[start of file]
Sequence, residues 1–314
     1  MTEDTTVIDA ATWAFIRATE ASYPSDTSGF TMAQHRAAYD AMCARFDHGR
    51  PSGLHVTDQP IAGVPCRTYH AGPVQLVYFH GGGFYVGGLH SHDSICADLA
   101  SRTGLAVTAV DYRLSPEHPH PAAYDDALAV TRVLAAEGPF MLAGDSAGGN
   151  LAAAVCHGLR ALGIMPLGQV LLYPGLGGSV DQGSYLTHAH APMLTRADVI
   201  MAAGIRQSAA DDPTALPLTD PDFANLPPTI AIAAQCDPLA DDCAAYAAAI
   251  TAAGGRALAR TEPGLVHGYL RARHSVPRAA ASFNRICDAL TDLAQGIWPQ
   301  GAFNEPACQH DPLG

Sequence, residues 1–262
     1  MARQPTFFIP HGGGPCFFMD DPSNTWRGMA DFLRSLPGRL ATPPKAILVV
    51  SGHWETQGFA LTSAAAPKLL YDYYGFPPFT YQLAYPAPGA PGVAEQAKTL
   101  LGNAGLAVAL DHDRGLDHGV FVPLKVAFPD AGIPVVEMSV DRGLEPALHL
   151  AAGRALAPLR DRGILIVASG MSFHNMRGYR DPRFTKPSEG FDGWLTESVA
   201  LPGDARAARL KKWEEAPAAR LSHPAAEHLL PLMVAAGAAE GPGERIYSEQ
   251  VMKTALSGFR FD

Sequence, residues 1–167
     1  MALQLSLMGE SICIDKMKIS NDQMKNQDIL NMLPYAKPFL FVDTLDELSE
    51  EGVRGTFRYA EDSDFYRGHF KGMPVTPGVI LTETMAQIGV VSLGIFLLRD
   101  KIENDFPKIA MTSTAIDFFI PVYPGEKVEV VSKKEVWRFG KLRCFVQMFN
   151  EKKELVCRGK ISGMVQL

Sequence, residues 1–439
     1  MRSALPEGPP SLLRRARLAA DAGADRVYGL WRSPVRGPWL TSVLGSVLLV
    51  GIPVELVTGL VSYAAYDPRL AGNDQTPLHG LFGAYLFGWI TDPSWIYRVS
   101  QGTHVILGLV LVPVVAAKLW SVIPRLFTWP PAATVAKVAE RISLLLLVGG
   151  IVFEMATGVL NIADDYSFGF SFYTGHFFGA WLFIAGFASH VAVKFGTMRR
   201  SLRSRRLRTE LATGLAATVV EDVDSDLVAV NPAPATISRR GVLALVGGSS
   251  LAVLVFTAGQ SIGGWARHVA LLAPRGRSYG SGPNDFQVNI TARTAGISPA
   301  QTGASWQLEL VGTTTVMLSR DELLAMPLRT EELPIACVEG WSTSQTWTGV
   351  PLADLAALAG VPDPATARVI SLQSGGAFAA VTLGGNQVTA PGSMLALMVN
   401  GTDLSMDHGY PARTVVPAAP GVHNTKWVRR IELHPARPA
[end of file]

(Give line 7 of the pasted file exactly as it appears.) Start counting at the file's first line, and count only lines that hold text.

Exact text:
   251  TAAGGRALAR TEPGLVHGYL RARHSVPRAA ASFNRICDAL TDLAQGIWPQ